Even before the growing public health and economic crises, the shortage of affordable and available homes was forcing nearly eight million extremely low-income households to spend more than half of their incomes on rent. Many were just one financial shock away from facing housing insecurity.
That financial shock is here. Over the span of nine weeks from March to May, more than 38 million Americans filed jobless claims. By comparison, 4.5 million jobs were lost during the worst six months of the Great Recession, between November 2008 and April 2009, according to the Federal Reserve Bank of St. Louis. While there is some uncertainty about the severity and length of this current economic crisis, this downturn will be massive and will put already struggling low-income renters into an even more unstable position.
"While there is some uncertainty about the severity and length of this current economic crisis, this downturn will be massive and will put already struggling low-income renters into an even more unstable position."
NLIHC’s 2020 Gap report finds that 37% of extremely low-income renter households—more than four million households—are of working age and in the labor force. Many of these households have jobs in retail sales, in restaurants and bars, and in personal care and service. It was already difficult to make ends meet in many of these jobs prior to the pandemic. Layoffs caused by the public health and economic crisis will have devastating impacts; the National Restaurant Association anticipates losses of five to seven million jobs in the coming months for the restaurant industry alone.
Prior to COVID-19, nearly 92% of the four million working-age non-disabled renter households in the labor force with extremely low incomes were housing cost-burdened and 76% were severely cost-burdened – spending more than half of their incomes on housing. When these low-income households lose their jobs, paying the rent and staying in their homes becomes virtually impossible. During the Great Recession, the number of families experiencing homelessness climbed while the number of extremely low-income and very low-income households who were severely housing cost-burdened increased by 1.3 million. We can expect the current downturn will have much worse effects.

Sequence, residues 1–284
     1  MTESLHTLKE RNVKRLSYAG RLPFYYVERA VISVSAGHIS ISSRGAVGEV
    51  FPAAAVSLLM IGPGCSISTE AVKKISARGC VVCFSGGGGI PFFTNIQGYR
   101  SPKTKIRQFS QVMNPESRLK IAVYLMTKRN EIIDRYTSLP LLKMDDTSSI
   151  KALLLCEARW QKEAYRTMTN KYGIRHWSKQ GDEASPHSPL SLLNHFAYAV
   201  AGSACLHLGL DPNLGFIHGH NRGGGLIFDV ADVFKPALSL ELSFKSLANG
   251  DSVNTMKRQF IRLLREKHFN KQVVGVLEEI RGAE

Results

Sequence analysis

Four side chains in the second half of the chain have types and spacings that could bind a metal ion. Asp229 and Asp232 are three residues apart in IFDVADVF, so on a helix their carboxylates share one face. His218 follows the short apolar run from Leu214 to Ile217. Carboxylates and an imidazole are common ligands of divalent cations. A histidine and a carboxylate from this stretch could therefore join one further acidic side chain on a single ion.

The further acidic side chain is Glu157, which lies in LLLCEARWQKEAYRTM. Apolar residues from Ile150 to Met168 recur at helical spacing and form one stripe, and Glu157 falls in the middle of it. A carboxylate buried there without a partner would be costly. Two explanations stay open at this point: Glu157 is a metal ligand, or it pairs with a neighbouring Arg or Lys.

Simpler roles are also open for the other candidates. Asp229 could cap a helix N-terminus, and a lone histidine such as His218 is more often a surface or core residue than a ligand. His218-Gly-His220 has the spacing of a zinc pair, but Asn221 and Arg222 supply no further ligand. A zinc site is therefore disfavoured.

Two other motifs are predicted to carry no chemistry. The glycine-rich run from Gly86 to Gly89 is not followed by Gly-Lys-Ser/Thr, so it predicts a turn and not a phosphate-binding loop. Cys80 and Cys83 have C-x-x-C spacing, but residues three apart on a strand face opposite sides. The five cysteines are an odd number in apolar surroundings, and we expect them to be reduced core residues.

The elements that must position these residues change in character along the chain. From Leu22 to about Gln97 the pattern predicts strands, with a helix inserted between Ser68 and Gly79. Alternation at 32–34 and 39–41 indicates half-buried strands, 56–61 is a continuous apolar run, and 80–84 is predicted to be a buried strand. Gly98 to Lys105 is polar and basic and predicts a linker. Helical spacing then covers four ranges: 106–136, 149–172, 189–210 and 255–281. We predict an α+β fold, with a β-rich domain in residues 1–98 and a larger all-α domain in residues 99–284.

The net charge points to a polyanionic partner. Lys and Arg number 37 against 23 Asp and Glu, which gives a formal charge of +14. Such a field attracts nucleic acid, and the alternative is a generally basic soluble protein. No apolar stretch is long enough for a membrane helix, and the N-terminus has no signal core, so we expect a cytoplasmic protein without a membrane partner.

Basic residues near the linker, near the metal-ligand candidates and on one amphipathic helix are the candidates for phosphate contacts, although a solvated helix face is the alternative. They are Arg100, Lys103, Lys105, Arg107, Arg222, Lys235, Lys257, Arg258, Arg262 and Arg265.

With coronavirus, many low-income, hourly wage workers are seeing job layoffs or reduced wages because they have become sick, need to care for a family member, or their employer cut back their hours. Even temporary declines in income and unreimbursed medical bills can quickly send the lowest-income households down the spiral of housing instability, eviction, and even homelessness. To prevent massive housing instability and homelessness, Congress needs to provide rent relief to millions of renters on the verge of losing their homes. The $100 billion for rental assistance in the recently introduced “Emergency Rental Assistance and Rental Market Stabilization Act” is what will be required, according to NLIHC estimates. This level of rent relief was included in the “Health and Economic Recovery Omnibus Emergency Solutions (HEROES) Act” that passed the House of Representatives on May 15. It is now up to the Senate to ensure this critically important emergency rental assistance is included in the next coronavirus response package.